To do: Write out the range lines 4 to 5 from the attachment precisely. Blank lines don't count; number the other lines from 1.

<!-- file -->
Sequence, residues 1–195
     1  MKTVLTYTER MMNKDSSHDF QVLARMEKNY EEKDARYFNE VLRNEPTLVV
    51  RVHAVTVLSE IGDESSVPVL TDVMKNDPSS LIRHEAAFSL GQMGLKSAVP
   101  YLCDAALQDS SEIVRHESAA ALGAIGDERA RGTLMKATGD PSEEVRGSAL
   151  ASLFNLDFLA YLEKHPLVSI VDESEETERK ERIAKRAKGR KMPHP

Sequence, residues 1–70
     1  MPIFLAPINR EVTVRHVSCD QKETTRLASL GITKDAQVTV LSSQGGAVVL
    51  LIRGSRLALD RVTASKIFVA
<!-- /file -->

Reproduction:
   101  YLCDAALQDS SEIVRHESAA ALGAIGDERA RGTLMKATGD PSEEVRGSAL
   151  ASLFNLDFLA YLEKHPLVSI VDESEETERK ERIAKRAKGR KMPHP